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Panic Attack Treatments Goose Creek SC

This page provides relevant content and local businesses that can help with your search for information on Panic Attack Treatments. You will find informative articles about Panic Attack Treatments, including "Agoraphobia and Panic Attacks". Below you will also find local businesses that may provide the products or services you are looking for. Please scroll down to find the local resources in Goose Creek, SC that can help answer your questions about Panic Attack Treatments.

Smartsellersc.Com
(843) 764-0459
119 N Goose Creek Blvd
Goose Creek, SC
Industry
Mental Health Professional

Data Provided By:
Olga Brawman-Mintzer, MD
(843) 740-1592 ext. 23
5900 Core Rd., Ste. 203
Charleston, SC

Data Provided By:
Mary Larson Svendsen
(843) 569-2904
2138 Ashley Phosphate Rd, Ste 203
North Charleston, SC
Services
Individual Psychotherapy, Couples Psychotherapy, Anxiety Disorder (e.g., generalized anxiety, phobia, panic or obsessive-compulsive disorder), PostTraumatic Stress Disorder or Acute Trauma Reaction
Ages Served
Adolescents (13-17 yrs.)
Adults (18-64 yrs.)
Children (3-12 yrs.)
Older adults (65 yrs. or older)
Education Info
Doctoral Program: St. Louis University
Credentialed Since: 1982-10-20

Data Provided By:
Mental Health Clinic of Dorchester County
(843) 821-6358
106 Springview Ln
Summerville, SC
Industry
Mental Health Professional

Data Provided By:
Paul I Robbins
(843) 899-4949
117 E Main St
Moncks Corner, SC
Specialty
Psychiatry

Data Provided By:
Center For Mental Health
(843) 797-0101
141 Red Bank Rd
Goose Creek, SC
Industry
Mental Health Professional

Data Provided By:
Perry E Trouche
(843) 572-9800
9229 University Blvd
North Charleston, SC
Specialty
Psychiatry, Addiction Medicine

Data Provided By:
Margaret E Rittenbury
(843) 761-8282
403 Stoney Landing Rd
Moncks Corner, SC
Specialty
Psychiatry

Data Provided By:
Lori B Gerding
(843) 761-8282
403 Stoney Landing Rd
Moncks Corner, SC
Specialty
Psychiatry

Data Provided By:
Melinda Edwards
(843) 821-2480
709 Old Trolley Rd
Summerville, SC
Specialty
Psychiatry

Data Provided By:
Data Provided By:

Agoraphobia and Panic Attacks


by Claudia McNeely

I suffered from agoraphobia and panic attacks for many years. I was unable to drive, standing in line at stores was usually more than I could take, eating out was a horror because I was afraid of choking, and eventually I could not even go to my mailbox.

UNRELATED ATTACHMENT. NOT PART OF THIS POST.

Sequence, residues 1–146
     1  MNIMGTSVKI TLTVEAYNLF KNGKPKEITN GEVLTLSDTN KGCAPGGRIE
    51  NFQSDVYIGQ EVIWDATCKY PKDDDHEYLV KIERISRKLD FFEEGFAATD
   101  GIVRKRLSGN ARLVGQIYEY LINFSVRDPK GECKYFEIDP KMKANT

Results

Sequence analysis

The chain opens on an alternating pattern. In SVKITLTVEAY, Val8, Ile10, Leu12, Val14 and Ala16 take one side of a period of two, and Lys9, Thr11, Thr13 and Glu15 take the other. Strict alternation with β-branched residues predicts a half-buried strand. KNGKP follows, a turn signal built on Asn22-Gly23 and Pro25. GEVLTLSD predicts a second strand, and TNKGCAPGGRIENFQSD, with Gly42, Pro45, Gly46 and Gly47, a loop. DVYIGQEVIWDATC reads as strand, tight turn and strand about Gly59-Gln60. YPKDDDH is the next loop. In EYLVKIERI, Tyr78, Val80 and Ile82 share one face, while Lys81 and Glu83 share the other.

With no warning, my heart would start racing; my hands would feel as if they did not belong to me, I would feel like I had risen up above my body, I would be terrified.

Agoraphobia and Panic Attacks seem to build on themselves. First I had anxiety attacks when driving, then just getting into a car, then I had to stop driving all together, then I couldn't stand in line at the grocery store, until years later, I was almost totally homebound. The anxiety feeds on itself. The more anxious you get, the more you panic, which makes you more anxious, which makes you panic more, and on and on.

Anxiety, Panic Disorders and Agoraphobia can be cured. I want you to understand that before we go any further. You can take control of your panic attacks. You can take control of your life again.

It is not an easy path to recovery. I spent many years programming the fear into my consciousness. Changing this programming takes time and effort. But if you stick with it, your life will change forever.

The first thing to learn is that a panic attack is not going to kill you. I know this is a hard concept to get when you are in the middle of an attack, but this is a very important step to healing. You will not die from a panic attack. If you can make yourself remember this when you have a panic attack, it will help.

Let's start with a little exercise. What is the worst thing that can happen when you have a panic attack? Write your answers down. Just understanding that it can't kill you, empowers you and gives you control over the panic attack.

The next time you have a panic attack, pay close attention to what you are feeling. Truly experience each and every emotion and sensation. And remember to BREATHE through the attack. When we become stressed, we have a tendency to stop breathing or take very shallow breaths. This makes the attack worse. So, remember to breathe deeply and slowly at all times.

Let's assume you are experiencing a panic attack. Your heart begins to pound, so you remember to breathe slowly as you focus on each beat of your heart. Count them if you want. Pay attention to your heart and what it is doing. Next you become light headed and feel as if you are not in your body. Again, remember to breathe and notice what this feels like and the emotions it brings for you. After a bit, you notice the symptoms stopping and all the sensations and emotions that go with that. You feel relieved that you have survived another attack. By paying such close attention to your panic attacks, you take some of the power away from them.

Another helpful exercise is to do affirmations. Always start your affirmations with ‘I am.' In the Bible, God's name is given as ‘I Am'. By starting ...

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